First published by The Independent, 16th August 2017
A refusal to denounce evil is an evil in and of itself. In the wake of the violence in Charlottesville, President Donald Trump has drawn a moral equivalency between the white supremacists and neo-Nazis, one of whom murdered a civil rights activist during the demonstration, and counter-protesters standing against fascism. And Theresa May has failed to condemn him.
The President of the United States laid blame principally at the feet of the “alt-left” and described them as “very, very violent”. This was the side which saw a car plough into protesters, seriously injuring many and killing one innocent woman. Of the other side – with their torches and Nazi salutes and screams of racist, sexist and transphobic abuse – he said: “Not all of those people are neo-Nazis, not all of those people are white supremacists, by any stretch… You have to ask yourself, where does it stop?” Where indeed?
It’s safe to say that Trump has shown his hand more shamelessly than ever before. Is he afraid of upsetting a key fan base or just incapable of hiding his true colours? Whatever the truth is, we know that white supremacists celebrated after his speech. David Duke, former leader of the Ku Klux Klan, tweeted: “Thankyou President Trump for your honesty and courage to tell the truth about Charlottesville and condemn the leftist terrorists in BLM/Antifa”.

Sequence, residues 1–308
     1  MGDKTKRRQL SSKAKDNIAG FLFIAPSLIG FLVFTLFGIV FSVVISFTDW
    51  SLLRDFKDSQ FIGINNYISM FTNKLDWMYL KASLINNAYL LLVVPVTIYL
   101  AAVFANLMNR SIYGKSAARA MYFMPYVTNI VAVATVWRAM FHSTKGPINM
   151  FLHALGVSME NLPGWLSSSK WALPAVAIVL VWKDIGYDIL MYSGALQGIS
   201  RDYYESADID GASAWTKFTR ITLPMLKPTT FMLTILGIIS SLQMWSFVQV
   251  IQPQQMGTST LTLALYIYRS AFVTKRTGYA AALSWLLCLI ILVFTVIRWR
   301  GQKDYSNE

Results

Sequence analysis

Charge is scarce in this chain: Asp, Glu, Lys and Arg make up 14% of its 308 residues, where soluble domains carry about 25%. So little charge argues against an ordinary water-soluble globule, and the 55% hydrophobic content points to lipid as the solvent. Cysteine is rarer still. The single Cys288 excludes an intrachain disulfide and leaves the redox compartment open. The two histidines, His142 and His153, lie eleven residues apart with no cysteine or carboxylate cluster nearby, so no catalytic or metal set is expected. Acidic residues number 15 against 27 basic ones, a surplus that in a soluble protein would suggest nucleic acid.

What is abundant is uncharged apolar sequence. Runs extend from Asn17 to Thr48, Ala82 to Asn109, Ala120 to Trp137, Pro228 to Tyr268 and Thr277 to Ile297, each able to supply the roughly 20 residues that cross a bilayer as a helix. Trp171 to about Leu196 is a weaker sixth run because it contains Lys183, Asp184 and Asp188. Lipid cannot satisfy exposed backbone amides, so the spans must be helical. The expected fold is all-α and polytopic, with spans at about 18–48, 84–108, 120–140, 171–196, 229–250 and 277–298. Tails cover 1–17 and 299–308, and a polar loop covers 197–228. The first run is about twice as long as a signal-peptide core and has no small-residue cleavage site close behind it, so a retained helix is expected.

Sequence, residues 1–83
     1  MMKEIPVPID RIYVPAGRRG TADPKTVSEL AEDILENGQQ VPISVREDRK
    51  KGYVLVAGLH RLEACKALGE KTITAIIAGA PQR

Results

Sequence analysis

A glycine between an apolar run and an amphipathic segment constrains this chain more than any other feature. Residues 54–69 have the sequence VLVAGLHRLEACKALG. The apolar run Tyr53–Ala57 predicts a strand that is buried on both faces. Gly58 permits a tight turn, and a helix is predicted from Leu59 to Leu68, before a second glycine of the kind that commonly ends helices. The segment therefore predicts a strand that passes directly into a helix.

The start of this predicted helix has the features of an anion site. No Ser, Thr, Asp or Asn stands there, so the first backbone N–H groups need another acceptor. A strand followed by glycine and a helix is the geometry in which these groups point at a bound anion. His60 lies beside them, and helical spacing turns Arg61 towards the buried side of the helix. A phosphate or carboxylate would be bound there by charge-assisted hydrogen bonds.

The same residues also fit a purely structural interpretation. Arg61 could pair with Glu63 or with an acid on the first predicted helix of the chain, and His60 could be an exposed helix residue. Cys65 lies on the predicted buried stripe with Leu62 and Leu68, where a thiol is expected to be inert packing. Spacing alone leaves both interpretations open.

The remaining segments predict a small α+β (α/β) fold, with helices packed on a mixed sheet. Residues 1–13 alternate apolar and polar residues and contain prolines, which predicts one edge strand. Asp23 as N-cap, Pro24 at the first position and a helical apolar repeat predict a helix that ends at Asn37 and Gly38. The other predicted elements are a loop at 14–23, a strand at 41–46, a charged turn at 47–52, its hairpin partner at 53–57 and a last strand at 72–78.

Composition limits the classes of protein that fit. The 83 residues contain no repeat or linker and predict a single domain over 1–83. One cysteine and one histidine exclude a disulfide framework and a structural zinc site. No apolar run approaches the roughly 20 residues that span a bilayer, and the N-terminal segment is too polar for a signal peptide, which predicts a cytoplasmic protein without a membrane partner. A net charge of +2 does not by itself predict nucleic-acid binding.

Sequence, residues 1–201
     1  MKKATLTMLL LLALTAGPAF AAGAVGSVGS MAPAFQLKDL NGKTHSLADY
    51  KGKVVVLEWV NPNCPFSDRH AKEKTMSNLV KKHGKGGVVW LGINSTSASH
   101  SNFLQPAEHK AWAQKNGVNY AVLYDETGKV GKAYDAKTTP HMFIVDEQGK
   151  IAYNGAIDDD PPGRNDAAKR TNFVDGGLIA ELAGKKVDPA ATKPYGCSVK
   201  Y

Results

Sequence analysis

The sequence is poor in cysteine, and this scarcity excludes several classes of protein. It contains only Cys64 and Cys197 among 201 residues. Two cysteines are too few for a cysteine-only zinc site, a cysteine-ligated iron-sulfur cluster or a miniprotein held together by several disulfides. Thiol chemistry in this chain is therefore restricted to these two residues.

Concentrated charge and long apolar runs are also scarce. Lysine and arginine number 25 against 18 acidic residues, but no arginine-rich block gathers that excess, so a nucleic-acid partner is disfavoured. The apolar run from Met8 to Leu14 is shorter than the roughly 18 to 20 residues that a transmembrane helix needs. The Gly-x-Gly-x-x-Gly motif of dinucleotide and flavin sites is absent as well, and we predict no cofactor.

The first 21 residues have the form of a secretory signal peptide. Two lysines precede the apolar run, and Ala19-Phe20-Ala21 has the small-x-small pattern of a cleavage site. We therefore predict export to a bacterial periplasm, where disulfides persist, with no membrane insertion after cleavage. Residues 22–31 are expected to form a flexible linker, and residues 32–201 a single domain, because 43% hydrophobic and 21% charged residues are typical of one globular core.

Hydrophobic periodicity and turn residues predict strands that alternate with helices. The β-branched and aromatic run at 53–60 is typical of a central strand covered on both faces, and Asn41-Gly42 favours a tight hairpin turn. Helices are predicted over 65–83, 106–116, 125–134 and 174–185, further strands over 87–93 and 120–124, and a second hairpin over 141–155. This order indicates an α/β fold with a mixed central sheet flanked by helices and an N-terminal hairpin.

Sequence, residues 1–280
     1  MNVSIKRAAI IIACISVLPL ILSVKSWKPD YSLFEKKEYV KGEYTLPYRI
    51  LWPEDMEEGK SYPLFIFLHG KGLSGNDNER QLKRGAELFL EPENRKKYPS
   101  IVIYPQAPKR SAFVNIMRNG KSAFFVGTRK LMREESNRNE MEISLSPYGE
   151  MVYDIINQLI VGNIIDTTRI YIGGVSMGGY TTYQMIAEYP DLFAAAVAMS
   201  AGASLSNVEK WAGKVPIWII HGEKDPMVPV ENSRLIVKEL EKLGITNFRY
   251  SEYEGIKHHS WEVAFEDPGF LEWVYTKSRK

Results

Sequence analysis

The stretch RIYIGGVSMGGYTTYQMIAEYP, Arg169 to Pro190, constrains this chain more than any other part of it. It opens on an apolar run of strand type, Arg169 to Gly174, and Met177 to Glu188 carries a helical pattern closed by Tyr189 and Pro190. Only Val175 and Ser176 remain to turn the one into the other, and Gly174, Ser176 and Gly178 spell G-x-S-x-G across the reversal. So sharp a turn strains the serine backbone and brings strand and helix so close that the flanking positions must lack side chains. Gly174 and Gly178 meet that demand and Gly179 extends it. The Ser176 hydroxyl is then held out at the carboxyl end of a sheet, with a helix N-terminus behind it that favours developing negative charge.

Theresa May, in refusing to condemn this joke of a President, is now a limping embarrassment to her country.
When asked about Trump’s comments, May evaded the question. Speaking to reporters today in Portsmouth, she chose instead to say: “As I made clear at the weekend following the horrendous scenes that we saw in Charlottesville, I absolutely abhor the racism, the hatred and the violence that we have seen portrayed by these groups.”
There was no mention of Trump, of his blatant courting of a fascist minority and his description of those protecting the statue of a Confederate soldier as “fine people” who have been “unfairly treated” by a press reporting “fake news”. No, Theresa kept remarkably quiet about her friend Donald, whose hand she so willingly held on a visit to the White House.
What kind of a leader – indeed, what kind of a person – do you have to be to falter when asked to condemn someone who thinks that a group of torch-bearing fascists in Nazi uniforms and Klansman robes are “very fine people”? May is now no better than the weedy sidekick, holding the coat of the playground bully while he grinds another kid’s face into the dirt. Her weakness and moral deficiency is a stain on the office of Prime Minister.
This is no longer about Brexit trade deals or keeping that “special relationship” intact. It’s about simple ethics. We do not shy away from openly condemning those who are apologists for Nazism and fascist ideologies in Britain. We give ourselves over to fighting them and opposing their vile agenda.
If Theresa May continues to stay quiet about Trump, she will be seen as an appeaser and an enabler – our entire country will. Her refusal to stand up to the orange bully in the White House defiles the memory of every single British citizen who lost their lives fighting in the Second World War. Our grandfathers went to war against Nazis, but in 2017 our Prime Minister cosies up to someone who turns a blind eye to their existence in his own country for votes.
In the words of Theresa May’s own Cabinet minister Sajid Javid on Twitter today: “Neo-Nazis: bad. Anti-Nazis: good. I learned that as a child. It was pretty obvious.”
Enough is enough, Theresa May. It’s time to take a stand or get the hell out of office.